Whoever thought that Hitchcock was such a lady-killer? No, literally.
Starring Sir Anthony Hopkins as the legendary director we all know as Alfred Hitchcock and his wife, Alma Reville (Helen Mirren), the film catalogs the various pitfalls and challenges Hitchcock encountered while trying to get his 1960 classic off the ground and into the movie-theaters.
If you watching movies, writing movie reviews, going to the movies, or just simply, love movies in general, chances are that you’ve heard of the legend that is, Alfred Hitchcock. He’s considered one of the greatest directors of all-time and rightfully so, because the guys has some legendary films that he’s made in his career that are over 50 years old and still hold-up, as well as inspire in today’s day and age, just as much as it did then. He’s an iconic-figure everybody knows, recognizes, and in some cases, even love, but there has yet to be a movie even made about him. There’s been thousands upon thousands of remakes that are all loosely-based off of his pieces of work, but still, there has yet to even be the slightest-glimpse of anybody trying to duplicate the look, sound, feel, and overall character of Hitchcock. Maybe the guy’s too noticeable or maybe the guy’s just way, way too loved by cinephiles out there, that it would almost be a cardinal sin to have a flick about him that has even one negative-thought about him.
Fast-forward to 2012, and we have not one, but two biopics based-on Hitchcock with this one and the HBO-movie, The Girl, that apparently talks a whole bunch of smack on him and makes no apologies for it, either. For me, I don’t really care to see that and instead, I’d much rather go with the one that’s most-likely going to pop-up more around Oscar season, and actually says some nice stuff about the guy who has made filmmaking the inventive and stylistic art that it is today.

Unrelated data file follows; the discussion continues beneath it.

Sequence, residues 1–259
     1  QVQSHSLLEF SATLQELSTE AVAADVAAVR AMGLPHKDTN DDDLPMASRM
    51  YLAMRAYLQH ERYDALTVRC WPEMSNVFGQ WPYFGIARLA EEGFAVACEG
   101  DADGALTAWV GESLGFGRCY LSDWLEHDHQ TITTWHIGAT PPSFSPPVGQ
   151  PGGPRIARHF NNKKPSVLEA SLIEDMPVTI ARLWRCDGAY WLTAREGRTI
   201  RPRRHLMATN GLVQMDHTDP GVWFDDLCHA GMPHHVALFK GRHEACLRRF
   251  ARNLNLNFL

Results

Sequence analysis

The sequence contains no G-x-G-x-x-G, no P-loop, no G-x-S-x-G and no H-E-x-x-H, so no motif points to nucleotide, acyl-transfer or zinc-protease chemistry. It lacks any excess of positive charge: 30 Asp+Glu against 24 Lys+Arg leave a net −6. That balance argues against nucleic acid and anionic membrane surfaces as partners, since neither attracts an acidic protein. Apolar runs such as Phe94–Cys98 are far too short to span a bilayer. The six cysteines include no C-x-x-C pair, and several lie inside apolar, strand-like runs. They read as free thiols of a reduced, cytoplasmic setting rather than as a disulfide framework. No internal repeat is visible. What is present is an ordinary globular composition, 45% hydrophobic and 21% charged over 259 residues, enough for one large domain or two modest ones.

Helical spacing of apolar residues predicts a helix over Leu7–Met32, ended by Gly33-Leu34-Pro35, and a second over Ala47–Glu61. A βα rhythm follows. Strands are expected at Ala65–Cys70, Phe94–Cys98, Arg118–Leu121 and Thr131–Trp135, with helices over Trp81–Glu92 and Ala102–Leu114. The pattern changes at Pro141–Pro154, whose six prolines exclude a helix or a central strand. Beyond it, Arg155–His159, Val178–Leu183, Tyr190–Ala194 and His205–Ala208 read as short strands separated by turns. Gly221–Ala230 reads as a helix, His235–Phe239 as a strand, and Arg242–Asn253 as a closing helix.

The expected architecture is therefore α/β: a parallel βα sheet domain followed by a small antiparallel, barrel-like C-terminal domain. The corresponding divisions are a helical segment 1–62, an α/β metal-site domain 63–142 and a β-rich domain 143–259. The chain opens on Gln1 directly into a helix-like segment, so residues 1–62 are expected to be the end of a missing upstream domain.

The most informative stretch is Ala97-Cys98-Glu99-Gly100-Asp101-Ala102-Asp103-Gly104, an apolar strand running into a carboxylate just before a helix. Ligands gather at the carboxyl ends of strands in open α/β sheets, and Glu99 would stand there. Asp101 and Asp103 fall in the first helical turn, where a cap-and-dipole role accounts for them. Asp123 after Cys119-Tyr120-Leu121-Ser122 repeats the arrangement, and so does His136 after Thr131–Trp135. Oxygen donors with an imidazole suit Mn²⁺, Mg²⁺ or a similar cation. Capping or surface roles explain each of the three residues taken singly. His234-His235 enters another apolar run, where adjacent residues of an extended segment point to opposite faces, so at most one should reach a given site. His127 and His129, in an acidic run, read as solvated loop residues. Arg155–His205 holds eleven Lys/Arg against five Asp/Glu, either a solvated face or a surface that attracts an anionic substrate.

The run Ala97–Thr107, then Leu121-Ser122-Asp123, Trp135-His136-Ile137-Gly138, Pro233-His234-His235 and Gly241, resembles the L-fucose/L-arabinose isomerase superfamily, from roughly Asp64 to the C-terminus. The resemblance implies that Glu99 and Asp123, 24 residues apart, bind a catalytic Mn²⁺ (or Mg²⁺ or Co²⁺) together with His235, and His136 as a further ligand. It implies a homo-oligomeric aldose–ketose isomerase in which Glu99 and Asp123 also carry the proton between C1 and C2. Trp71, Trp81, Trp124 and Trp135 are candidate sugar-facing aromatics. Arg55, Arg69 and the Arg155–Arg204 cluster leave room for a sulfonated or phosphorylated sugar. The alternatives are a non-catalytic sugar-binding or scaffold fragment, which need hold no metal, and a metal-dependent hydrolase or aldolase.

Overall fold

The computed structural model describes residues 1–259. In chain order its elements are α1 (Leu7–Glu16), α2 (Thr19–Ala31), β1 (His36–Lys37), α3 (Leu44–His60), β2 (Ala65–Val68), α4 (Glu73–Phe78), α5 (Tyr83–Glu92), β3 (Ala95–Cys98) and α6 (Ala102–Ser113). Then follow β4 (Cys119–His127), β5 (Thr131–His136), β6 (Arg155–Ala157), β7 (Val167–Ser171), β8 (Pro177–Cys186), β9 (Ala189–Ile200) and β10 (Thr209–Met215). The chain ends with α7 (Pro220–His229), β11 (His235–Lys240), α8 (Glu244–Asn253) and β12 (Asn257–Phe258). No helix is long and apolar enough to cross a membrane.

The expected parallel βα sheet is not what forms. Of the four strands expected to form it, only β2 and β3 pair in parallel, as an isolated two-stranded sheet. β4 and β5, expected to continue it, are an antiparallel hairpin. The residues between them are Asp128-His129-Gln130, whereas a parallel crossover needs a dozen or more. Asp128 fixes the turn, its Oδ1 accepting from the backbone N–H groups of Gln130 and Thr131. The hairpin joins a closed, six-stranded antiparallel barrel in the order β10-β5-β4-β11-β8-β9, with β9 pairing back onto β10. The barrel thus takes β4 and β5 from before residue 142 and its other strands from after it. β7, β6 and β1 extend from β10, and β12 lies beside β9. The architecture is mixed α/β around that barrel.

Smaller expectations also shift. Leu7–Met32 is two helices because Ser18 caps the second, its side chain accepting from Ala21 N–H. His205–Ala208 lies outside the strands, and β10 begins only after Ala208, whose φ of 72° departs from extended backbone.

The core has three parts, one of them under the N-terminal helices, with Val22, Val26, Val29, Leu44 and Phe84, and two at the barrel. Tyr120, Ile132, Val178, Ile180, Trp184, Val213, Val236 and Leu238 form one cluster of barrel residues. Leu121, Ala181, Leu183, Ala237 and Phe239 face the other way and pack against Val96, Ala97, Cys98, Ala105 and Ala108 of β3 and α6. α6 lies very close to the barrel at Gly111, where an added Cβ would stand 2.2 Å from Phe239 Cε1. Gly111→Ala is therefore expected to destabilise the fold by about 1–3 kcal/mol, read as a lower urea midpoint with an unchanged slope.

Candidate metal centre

Director of Anvil! The Story of Anvil, Sacha Gervasi makes his directorial-debut with an actual-movie this time around and for the most-part, does a relatively fine-job with creating everything that went-on around Hitchcock in terms of his personal life, as well as his professional life. Instead of having the whole-movie focus on Hitchcock’s time he spent on Psycho and actually getting it out there for the world to see, this is more focused on the relationship between him and his wife, Alma, who actually seemed to be the brains behind the operation. We’ve all seen the unsung hero aspect of a movie before, where one person gets all the love, fame, and gratitude for doing something incredible, whereas the other one gets diddly-squat and a pat on the back, but here, it feels reasonable and honest. You see how Alma just wants to be accepted and thanked for all of the hard-work she puts into Hitchcock’s work, even when he’s off acting like a little baby, eating, and drinking himself to death. There’s a part of you that relates to her and understands her pain, and even when it seems like she’s about to drop her knickers and get dirty with somebody else, you actually get worried for bother her and Hitchcock, considering they obviously love one another and have a special thing going together, that it would just be inhumane to let it go to waste.